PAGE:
8 thoughts on “Breaking the Rules

  1. You’ve got to know the rules to break the rules. Usually at the end I’ll read through the book slowly, making sure my brain registers each word–I’ll even read it aloud–because half these rules just stem from the breaking of them easily resulting in what sounds awkward.
    I would might be interested in a critique group, but I’m likely to start being really busy for pretty much the rest of the year within the next month so I probably wouldn’t have time.


  2. Stephen King said the same thing about knowing the rules so you know how to break them, and I think that’s great advice. I recently read “Mistborn” again and noticed “felt,” telling instead of showing, plenty of “-ly” words, and three paragraphs in a row all starting with the same proper name. It’s a bestseller and I freaking love it. Rules schmules.
    I’d be very interested in being part of your critique group, partly in the hope that I’ll get to read that WIP you’re working on. I’m a novelist working primarily and fantasy/supernatural. If that sounds good, you can email me at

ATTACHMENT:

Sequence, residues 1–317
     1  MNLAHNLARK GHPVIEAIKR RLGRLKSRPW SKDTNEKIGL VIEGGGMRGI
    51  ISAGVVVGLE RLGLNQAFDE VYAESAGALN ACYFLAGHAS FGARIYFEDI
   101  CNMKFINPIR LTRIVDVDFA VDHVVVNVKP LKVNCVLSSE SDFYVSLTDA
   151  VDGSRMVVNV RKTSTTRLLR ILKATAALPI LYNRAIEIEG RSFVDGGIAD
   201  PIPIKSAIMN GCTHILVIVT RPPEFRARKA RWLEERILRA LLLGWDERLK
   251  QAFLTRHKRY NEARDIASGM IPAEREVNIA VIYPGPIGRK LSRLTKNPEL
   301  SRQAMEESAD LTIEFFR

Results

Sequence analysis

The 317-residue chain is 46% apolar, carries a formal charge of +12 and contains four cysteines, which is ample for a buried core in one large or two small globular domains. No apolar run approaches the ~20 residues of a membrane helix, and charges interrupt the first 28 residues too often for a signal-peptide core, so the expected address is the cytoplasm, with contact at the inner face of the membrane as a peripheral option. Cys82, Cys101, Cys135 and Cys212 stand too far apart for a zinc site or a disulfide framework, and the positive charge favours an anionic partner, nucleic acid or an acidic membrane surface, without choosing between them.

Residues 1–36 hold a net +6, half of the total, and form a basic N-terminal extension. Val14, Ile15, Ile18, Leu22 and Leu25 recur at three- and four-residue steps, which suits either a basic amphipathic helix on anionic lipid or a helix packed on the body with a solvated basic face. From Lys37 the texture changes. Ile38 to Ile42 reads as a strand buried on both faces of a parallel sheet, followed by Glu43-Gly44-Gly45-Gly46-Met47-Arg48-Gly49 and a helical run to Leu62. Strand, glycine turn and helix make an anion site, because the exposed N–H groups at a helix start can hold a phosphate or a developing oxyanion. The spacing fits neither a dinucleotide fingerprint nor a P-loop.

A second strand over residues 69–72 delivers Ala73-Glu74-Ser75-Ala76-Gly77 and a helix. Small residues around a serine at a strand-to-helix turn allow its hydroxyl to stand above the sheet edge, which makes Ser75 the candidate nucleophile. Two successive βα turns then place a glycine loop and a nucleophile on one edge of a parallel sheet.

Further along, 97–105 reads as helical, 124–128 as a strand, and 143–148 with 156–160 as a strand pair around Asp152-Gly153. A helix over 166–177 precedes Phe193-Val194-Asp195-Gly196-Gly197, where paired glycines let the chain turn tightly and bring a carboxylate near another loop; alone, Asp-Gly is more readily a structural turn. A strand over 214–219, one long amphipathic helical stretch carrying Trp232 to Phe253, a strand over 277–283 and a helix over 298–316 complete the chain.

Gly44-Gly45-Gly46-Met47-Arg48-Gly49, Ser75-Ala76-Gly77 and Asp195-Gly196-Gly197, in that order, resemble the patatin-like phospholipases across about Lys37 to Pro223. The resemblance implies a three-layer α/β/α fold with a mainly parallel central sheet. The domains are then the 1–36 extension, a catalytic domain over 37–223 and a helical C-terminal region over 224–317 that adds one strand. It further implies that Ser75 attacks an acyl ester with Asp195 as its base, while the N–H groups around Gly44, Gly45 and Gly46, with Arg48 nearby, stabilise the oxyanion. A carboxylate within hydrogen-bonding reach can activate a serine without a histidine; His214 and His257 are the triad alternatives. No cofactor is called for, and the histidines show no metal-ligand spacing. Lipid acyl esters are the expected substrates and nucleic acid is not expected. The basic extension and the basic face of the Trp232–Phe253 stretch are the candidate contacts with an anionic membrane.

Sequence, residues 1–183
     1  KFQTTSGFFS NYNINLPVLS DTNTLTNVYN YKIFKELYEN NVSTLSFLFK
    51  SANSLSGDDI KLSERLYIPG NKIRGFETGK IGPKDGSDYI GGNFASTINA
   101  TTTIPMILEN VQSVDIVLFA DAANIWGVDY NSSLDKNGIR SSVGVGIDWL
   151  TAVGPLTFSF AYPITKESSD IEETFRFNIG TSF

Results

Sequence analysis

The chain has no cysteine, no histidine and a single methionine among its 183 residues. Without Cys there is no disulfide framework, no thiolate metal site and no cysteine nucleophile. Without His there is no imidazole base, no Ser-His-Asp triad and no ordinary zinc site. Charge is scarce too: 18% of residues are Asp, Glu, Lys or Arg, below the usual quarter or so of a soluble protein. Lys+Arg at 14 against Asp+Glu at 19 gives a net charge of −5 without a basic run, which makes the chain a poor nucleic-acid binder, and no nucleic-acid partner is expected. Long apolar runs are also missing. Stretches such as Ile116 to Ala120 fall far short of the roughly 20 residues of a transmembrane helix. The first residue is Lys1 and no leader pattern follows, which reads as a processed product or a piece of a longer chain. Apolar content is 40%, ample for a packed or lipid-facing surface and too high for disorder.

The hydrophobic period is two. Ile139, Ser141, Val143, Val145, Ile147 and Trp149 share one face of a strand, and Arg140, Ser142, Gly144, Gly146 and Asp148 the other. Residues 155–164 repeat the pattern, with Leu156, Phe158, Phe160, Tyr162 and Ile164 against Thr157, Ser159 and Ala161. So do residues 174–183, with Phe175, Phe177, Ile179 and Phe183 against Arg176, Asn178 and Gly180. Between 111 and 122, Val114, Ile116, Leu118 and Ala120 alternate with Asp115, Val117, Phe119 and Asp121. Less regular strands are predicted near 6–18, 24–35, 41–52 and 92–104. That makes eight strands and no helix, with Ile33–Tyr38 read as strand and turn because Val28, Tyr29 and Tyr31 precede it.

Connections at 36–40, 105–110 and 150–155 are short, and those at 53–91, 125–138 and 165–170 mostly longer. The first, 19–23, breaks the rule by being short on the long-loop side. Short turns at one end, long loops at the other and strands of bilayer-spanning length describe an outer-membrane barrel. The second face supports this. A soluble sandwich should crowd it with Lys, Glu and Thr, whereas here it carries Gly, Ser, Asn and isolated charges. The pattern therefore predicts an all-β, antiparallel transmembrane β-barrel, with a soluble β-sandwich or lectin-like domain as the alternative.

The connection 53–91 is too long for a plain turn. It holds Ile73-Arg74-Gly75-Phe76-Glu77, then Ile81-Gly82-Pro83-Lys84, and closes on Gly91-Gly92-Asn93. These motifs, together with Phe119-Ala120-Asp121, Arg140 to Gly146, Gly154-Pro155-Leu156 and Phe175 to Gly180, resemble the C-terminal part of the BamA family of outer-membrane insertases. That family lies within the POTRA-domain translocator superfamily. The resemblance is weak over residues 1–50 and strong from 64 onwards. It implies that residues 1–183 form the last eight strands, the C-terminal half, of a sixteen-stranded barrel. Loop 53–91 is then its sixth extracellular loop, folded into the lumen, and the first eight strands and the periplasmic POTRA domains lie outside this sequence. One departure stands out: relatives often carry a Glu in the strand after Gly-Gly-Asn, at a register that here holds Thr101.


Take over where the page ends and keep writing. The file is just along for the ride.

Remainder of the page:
Liked by 1 person

  3. I’ve noticed that most of the writers who get most angry about “The Rules” are new or inexperienced writers. They’ve suddenly realised that if they want a publisher to spend money on producing their book, or readers to spend money buying their book, they have to give publishers and readers what they want. This angers them because they want to be able to write whatever THEY want but a publisher to take on all the cost and risk. I find it a bizarre attitude.

    More advanced writers tend to echo this blog – what’s irritating about the rules is people (usually the angry ones I just wrote about) taking them as absolutes; “You will NEVER be published if you write a prologue!” (or whatever). Anybody who looks at it critically can see that’s BS.

    I think yours is the only sensible stance to take. Certainly be aware of the rules, the clichés, the tropes. Break them with purpose, not just because of some misplaced anger at people dictating your “art”. Break them well. And stop telling people there are absolute rules.

    Liked by 2 people

  4. I’m so glad I wrote my book before I knew anything about the “rules” of writing. Now, it’s almost impossible to write bc I critique my structure before I ever even get the story down on the page. I’m too distracted by the details to be carried away with the characters.

    Liked by 1 person

  5. I detest all those rules and avoid any fiction following them. Consequently, I will not be deterred from writing orgulously and incessantly fiction in my “tell, don’t show” mode.

    Liked by 1 person